Mary sat down with us at her dining table—directly below the solar array on her roof—to talk education, solar, and community. Take a listen to find out why she thinks the future is so bright.
Interview w/ Mary Van Valin (Audio)
Mary Van Valin is a force of nature.
A retired math teacher, Mary spends her retirement helping to transform the Traverse City area into an equitable, resilient, thriving community.
In the two month since I met her, Mary launched an electric vehicle (EV) group purchase effort, taught fourth and fifth graders how to make solar cells, helped turn out close to 200 people to the State Theatre to watch Pope Francis address Congress, attended a March for Justice in Detroit, and gave the opening prayer at our Harvest@the Commons gathering, where she echoed the Pope’s words—calling on the more than 600 Groundwork supporters in attendance, including U.S. Senators Carl Levin and Gary Peters, to care for God’s creation and one another by launching a “revolution of tenderness.”
The beauty of Mary is that she mixes ideas and action. The idea of a group EV purchase was less than 30 seconds old before Mary was on the phone with local dealerships asking about group buys. Someone wants to go solar—Mary has already found the financing. The State announces that they will show the Pope’s speech and Mary has 50 people lined up to attend. It’s exhausting, inspiring, contagious, and profoundly effective.
Mary’s real focus and passion is not on the here and now, however. Maybe it’s the schoolteacher in her, or her climate work, but she is always thinking about how action today will lead to results in decades. To put it in solar finance terms, Mary is willing to invest upfront time and money today, while settling for a 20-year return on investment.
Take her current big project—persuading Traverse Heights Elementary School officials to put a solar array on the school’s roof. She spent countless hours in meetings working as part of a team to help TCAPS figure out the logistical hurdles, all the while thinking about the future. And it’s a bright one.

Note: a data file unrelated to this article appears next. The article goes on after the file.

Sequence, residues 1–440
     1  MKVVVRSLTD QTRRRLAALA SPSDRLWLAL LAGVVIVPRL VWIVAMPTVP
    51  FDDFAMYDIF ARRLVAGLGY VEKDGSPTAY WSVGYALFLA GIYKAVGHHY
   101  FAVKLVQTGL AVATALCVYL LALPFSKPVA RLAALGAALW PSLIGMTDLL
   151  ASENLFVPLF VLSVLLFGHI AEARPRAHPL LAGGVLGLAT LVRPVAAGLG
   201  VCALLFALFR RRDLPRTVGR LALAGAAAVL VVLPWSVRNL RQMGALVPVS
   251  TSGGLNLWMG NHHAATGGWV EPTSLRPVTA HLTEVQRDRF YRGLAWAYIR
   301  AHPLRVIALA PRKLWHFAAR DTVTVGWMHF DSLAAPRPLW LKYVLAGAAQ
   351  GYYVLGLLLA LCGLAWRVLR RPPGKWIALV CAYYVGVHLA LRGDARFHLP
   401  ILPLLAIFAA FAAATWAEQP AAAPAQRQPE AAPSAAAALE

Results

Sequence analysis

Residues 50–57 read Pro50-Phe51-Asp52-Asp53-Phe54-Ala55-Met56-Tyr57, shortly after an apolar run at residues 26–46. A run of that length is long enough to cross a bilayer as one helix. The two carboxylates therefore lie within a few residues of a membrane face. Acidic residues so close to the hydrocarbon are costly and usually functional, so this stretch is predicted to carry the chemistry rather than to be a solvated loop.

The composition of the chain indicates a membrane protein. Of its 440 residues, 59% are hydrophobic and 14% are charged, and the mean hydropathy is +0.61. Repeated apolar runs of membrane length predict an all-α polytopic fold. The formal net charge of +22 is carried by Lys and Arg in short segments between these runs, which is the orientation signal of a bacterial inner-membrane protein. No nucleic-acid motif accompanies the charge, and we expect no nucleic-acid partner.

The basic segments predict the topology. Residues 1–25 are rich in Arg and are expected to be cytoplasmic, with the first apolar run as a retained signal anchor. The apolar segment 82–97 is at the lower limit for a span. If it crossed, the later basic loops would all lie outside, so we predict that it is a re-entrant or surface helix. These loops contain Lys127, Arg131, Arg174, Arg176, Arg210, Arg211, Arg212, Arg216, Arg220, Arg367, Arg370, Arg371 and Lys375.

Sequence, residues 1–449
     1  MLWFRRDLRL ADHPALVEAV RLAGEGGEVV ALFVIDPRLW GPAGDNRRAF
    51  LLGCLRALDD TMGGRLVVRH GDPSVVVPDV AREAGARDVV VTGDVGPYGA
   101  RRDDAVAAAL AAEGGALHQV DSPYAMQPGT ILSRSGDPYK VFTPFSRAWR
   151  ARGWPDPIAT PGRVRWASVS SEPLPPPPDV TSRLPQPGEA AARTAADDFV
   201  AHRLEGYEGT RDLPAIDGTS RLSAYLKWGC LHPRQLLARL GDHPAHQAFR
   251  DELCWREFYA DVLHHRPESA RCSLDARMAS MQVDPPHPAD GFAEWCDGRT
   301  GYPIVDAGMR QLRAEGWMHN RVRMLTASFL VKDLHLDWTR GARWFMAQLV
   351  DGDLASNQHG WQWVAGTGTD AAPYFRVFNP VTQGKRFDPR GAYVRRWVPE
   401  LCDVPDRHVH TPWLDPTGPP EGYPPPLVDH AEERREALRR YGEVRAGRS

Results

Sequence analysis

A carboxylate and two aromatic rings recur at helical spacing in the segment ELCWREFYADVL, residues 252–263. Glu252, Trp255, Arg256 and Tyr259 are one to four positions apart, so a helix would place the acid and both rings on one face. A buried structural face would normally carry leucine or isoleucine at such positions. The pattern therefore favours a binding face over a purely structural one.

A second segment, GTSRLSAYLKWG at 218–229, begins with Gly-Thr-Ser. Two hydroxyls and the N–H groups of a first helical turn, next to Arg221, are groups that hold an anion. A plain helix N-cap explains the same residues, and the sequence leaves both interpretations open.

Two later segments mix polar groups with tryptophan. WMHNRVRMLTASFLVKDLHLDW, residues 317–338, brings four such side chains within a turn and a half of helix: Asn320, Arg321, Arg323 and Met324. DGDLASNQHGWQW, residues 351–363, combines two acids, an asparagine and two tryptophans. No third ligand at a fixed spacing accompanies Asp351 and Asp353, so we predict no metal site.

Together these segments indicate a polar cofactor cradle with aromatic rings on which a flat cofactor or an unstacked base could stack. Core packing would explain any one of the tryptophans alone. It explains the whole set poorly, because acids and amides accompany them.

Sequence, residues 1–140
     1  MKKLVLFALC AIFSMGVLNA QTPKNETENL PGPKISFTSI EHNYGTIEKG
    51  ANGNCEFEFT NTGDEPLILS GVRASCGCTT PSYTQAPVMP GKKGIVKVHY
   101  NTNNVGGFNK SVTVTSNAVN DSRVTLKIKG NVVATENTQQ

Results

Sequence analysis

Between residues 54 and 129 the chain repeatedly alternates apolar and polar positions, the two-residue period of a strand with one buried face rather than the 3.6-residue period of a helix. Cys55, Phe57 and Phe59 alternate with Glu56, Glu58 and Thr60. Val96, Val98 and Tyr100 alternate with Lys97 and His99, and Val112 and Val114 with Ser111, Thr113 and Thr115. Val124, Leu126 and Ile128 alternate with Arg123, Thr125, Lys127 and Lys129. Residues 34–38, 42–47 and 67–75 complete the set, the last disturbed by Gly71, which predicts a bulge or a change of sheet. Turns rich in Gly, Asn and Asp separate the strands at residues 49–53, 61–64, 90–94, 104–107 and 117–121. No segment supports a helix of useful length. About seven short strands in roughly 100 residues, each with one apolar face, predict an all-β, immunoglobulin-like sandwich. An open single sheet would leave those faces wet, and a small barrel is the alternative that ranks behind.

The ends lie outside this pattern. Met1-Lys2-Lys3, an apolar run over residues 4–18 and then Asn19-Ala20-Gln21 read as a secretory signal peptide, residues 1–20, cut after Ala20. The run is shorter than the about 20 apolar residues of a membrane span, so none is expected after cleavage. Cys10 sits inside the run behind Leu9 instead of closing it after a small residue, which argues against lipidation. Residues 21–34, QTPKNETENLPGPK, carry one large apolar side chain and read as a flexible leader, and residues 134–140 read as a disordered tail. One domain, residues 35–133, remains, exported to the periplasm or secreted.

Mary’s larger vision is for an innovative project for all the TCAPS schools—one in which the solar arrays that eventually cover every school rooftop add value to TCAPS buildings and cover a solid chunk of the district’s energy costs, but transmit other values, as well, that far exceed balance sheet calculations.
Mary sees the arrays as a chance to create a 21st-century energy future for the region, one that makes customer ownership of their own power source the new normal. One in which locally made arrays are installed by local TCAPS graduates to benefit a new generation of TCAPS students, teachers, and parents. And, ultimately, one in which TCAPS graduates play key roles in the area’s government entities, non-profits, start-ups, utilities, and the TCAPS system itself—all working together to power northern Michigan cheaply, effectively, and cleanly.
Dan Worth is the Groundwork Center for Resilient Communities’ energy policy specialist. Reach him at firstname.lastname@example.org.
From solar arrays to wind farms, net zero homes to vehicle electrification projects, smart businesses to smart towns, Northern Michigan’s Clean Energy Innovators are making the area we love a hub for clean energy. The Groundwork Center has asked these pioneers to take a quick break from building the future to talk with us about their work and what excites them the most about the potential of a low-carbon economy in Northern Michigan. Read the full series here.